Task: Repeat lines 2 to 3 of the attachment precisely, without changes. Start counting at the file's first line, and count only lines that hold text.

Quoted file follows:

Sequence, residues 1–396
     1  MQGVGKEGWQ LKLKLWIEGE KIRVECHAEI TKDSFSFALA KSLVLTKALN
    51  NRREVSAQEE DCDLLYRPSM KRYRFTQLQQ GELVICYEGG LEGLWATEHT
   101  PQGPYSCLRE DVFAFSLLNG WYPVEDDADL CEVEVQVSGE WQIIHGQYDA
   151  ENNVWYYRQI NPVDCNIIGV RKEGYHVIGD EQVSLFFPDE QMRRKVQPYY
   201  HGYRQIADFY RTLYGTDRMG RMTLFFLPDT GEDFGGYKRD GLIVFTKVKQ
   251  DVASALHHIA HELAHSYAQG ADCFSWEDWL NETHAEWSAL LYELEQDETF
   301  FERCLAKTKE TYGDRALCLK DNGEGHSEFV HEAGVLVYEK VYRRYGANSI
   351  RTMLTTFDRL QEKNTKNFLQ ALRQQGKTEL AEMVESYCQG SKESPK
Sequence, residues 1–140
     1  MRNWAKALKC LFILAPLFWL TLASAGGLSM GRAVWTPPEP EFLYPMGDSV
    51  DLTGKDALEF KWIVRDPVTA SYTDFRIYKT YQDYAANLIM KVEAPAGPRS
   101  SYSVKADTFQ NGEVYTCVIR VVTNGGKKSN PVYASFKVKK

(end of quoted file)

     1  MQGVGKEGWQ LKLKLWIEGE KIRVECHAEI TKDSFSFALA KSLVLTKALN
    51  NRREVSAQEE DCDLLYRPSM KRYRFTQLQQ GELVICYEGG LEGLWATEHT